Machine learning models are widely used to learn both the forward and inverse functions, and now routinely replace complex models and sub-components to improve scalability and mathematical tractability. These models are commonly known as emulators and report excellent accuracy-speedup trade-offs compared to simulators, besides elegant ways to do uncertainty quantification, error propagation, and sensitivity analysis. In this project we will focus on probabilistic machine learning models, and in particular on Gaussian processes (GPs), which have excelled in both prediction and emulation. As any other data-driven technique, however, they do not necessarily respect physical or causal relations. Furthermore, GP models are still computationally costly and often yield predictions that are inconsistent with physics principles. Combining model simulations and observational data is an interesting way, and has been recently approached with joint GPs and multifidelity GPs. Nevertheless, advances are still needed in terms of efficiency, physical plausibility, and interpretability. Experience in Gaussian processes, Bayesian inference, and remote sensing are required.
AWILD -- Anomalies in the wild [1 postdoc, 1 PhD]
The Earth is a complex dynamic network system and in the last few hundred years human activities have precipitated enormous changes in the Planet. It goes without saying that the most important challenge for today's Science is to detect and attribute the causes of such changes. In this scenario, Earth observation data allows us to automatically detect anomalous changes, as well as extreme events, on the land-cover at both spatial and time domains. This is now possible by exploiting high resolution satellite images and long time series of images and Earth observation products, along with powerful statistical techniques to process them. However, in recent years, the big and heterogeneous data streams acquired by satellite constellations hamper the adoption of advanced machine learning statistical techniques for anomaly change detection and extreme events identification. This project proposes to develop, characterize, and apply novel anomaly detectors, under the
framework of Gaussianization networks, Variational Autoencoders and Normalizing flows, to exploit the wealth of information contained in these data. The goal is to develop online detection algorithms, to accommodate multi-source data, model complex distributions, to cope with
high-dimensional data, and deal with unevenly sampled time series and missing data. Detection of rare, unexpected changes and events under the developed statistical framework will constitute the stepping stone before the more ambitious far-end goal of machine attribution of anthropogenic climate change causes. Experience in deep neural networks, Earth and Climate sciences are required.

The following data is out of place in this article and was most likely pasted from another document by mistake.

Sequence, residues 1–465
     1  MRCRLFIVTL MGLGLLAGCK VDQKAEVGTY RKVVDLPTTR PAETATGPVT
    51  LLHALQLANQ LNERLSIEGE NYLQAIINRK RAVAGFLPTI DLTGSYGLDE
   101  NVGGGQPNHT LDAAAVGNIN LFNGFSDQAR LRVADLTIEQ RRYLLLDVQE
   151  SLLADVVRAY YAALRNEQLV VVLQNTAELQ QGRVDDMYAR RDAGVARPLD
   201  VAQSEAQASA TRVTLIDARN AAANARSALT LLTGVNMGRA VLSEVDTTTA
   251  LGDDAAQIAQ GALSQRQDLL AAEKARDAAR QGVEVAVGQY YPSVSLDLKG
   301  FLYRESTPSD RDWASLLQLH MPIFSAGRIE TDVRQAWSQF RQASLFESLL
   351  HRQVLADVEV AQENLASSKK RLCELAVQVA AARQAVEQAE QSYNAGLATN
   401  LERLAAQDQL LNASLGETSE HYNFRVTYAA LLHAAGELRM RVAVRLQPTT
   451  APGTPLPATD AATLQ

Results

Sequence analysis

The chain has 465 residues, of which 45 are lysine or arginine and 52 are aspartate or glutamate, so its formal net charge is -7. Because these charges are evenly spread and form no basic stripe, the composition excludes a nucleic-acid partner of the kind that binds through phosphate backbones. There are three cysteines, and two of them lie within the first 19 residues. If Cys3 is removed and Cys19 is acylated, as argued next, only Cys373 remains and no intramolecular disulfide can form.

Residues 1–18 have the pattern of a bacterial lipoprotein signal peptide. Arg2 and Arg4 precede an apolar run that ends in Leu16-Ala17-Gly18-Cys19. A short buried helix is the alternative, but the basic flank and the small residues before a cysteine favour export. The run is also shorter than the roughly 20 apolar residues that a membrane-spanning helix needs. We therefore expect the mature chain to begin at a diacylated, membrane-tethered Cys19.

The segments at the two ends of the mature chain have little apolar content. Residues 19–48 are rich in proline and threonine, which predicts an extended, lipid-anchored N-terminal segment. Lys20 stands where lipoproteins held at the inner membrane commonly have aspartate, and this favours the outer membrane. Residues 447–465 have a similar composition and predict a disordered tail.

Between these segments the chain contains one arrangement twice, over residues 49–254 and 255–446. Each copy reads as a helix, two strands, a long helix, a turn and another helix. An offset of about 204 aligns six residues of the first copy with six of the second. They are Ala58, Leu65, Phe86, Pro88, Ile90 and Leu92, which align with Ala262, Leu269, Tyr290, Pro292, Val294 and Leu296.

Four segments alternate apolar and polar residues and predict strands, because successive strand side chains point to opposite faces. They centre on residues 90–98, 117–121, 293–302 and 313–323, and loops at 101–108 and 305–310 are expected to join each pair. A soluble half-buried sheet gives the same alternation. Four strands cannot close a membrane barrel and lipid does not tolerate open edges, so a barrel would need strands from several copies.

HighRes - High spatio-temporal resolution products with AI in the cloud [1 postdoc, 1 PhD]
The project will develop new deep learning techniques exploiting large spatio-temporal data in the Google Earth Engine (GEE) platform to provide high-resolution cloud-free composiste. These new reflectance gap free data are combined with machine learning models to create robust remote sensing based land information products at a finer continental/global spatial detail. The new land products (e.g. LAI, FAPAR, Land cover, biomass, carbon/water fluxes, etc.) are of high interest for the scientific community, governmental organizations, and the private sector due to the broad spectrum of potential applications possible: from high precision agriculture and crop and/or forest monitoring, to crop yield prediction, and land use change assessment. They endorse an enhanced understanding of biodiversity and nature of the Earth system with a high level of spatial detail.
We are looking for outstanding postdoc candidates with a strong interest in machine learning and geosciences to cover a post-doc position in the Image and Signal Processing (ISP) group in the Universitat de Valencia, Spain, http://isp.uv.es. This particular position is focused on learning causal models to explain complex interactions in essential climate variables and remote sensing observations, and discover hidden essential drivers and confounding factors in Climate/Geo Sciences applications.